Monday, 4 November 2013


So here we are. It's a moment in the history of this little site. Remember remember the 4th of November. This is the first time that this blog hosted a premiere of a song. Perhaps the first of many. Perhaps a one off. Perhaps the first in a long series of occasional first-plays and first-listens. In any case, I'm really sorry to call it a premiere because, well, why should we be using the French word? Is there not a better word that we can come up with? All it means is 'first'. So why not another language? We can rule out Russian beacuse it's первый and in the Latin alphabet that's 'pervyy'. Erste - that's German; it's fine. Első sounds nice and that's Hungarian. Or even 第一, which is Japanese and says 'daiichi'. Don't worry. All you'd need to remember is that those two characters mean 'first' and you'd be fine. I've put it in the title just now as a test. Take that, French-rooted English!

In any case, we're here to celebrate the exclusive first-play, first-everything, new song by 20-year-old Irish producer Harmful Logic (real name: Steven Clarke). He is part of the PIR▲.MD Records family, a Mexican label focusing on "new forms of hip-hop and electronic beats" - they released Harmful Logic's debut album Lost In The World, a lush sea of subby beats featuring samples from anime and PlayStation (the first one yo) games with a few collaborations with people like mus.hiba and Kryone. That album is free to download. Indeed, whilst I didn't write about that, I did write about a recent song of his that was free to download called 'Sorry'. In fact, all of his songs are free downloads so I'll just stop mentioning that. Um sorry to go on but also I thought I should mention that Harmful Logic has also participated in Piramd's series of daily free tracks, along with many others on the label.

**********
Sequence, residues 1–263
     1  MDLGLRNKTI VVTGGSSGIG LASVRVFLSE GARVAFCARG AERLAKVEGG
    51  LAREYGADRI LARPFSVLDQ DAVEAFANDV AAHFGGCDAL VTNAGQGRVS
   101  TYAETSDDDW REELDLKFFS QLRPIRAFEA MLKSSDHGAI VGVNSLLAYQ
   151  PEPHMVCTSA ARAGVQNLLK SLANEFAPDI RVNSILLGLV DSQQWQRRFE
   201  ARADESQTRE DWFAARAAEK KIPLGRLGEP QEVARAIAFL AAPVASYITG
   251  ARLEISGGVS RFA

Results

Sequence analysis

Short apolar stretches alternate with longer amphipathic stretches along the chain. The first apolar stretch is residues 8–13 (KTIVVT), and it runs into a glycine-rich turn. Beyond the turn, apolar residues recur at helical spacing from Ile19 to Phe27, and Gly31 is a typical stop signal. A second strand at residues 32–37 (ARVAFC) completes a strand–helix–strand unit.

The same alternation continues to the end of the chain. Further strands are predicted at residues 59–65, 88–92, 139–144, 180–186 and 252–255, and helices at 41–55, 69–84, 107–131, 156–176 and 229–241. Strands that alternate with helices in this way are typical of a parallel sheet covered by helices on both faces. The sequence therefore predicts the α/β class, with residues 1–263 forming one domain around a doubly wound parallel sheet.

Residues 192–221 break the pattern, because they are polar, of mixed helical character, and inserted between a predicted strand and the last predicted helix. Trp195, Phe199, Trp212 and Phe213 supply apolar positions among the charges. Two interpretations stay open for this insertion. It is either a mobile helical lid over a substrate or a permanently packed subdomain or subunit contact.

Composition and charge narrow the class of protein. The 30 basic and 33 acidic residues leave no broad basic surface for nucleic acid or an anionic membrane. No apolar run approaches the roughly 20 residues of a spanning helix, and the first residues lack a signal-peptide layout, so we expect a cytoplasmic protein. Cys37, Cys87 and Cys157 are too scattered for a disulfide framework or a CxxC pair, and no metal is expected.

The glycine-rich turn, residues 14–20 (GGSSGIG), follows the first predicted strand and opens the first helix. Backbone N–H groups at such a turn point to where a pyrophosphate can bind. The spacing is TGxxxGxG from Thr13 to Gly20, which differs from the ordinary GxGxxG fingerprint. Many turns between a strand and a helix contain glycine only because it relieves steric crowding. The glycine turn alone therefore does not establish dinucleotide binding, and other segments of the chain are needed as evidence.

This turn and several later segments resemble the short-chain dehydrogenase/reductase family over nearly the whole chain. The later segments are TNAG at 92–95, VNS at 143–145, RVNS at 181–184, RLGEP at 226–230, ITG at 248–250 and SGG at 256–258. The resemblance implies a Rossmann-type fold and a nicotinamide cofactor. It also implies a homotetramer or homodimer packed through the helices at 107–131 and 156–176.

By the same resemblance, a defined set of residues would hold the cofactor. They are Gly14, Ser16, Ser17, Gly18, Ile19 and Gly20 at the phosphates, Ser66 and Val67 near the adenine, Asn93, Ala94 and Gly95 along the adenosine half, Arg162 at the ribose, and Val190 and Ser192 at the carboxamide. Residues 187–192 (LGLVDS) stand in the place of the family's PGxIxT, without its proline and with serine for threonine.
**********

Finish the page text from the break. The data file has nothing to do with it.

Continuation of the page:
Shall we get down to it then? Here is his most recent track, not from an upcoming EP or album, but simply a new track for you to enjoy. So please do.

Adopting an otherwordly feel from the start, sped-up samples are rinsed out and drip-dried into a steady set of vocal and instrumental samples that are chopped above an ever-glistening river of ambient synth that washes through the mind. Those samples are taken from J-pop singer Kyary Pamyu Pamyu's song 'Chan Chaka Chan Chan' and used effectively to perpetuate a cyclical feeling of half-happiness in limbo. If the title of the track is anything to go by, it has the sound of a prelude to joy, a proto-euphoria where positive feelings seem to be exuding from the song's soft sounds, yet only in a thin mist.

It does have, however, an all-encompassing vibe that may owe to its luscious synths and samples, but which may be equally indebted to its unchanging gentle beat, a firm, unsyncopated hip hop style rhythm whose kicks boom quietly like gigantic bubbles in the ocean and whose unassuming snares keep time alongside miniature-sounding hi-hats. The unchanging nature of the song, its repetition, holds within it the captivating aura of dance music with a higher tempo, yet because of its own speed keeps it pretty chilled. There's also a sample at the end of some people speaking; this is from anime Puella Magi Madoka Magica.

There's a clear love of Japanese pop culture here, which is absolutely fine, in fact, I actively endorse it. Why limit our entertainment to our own language and culture?

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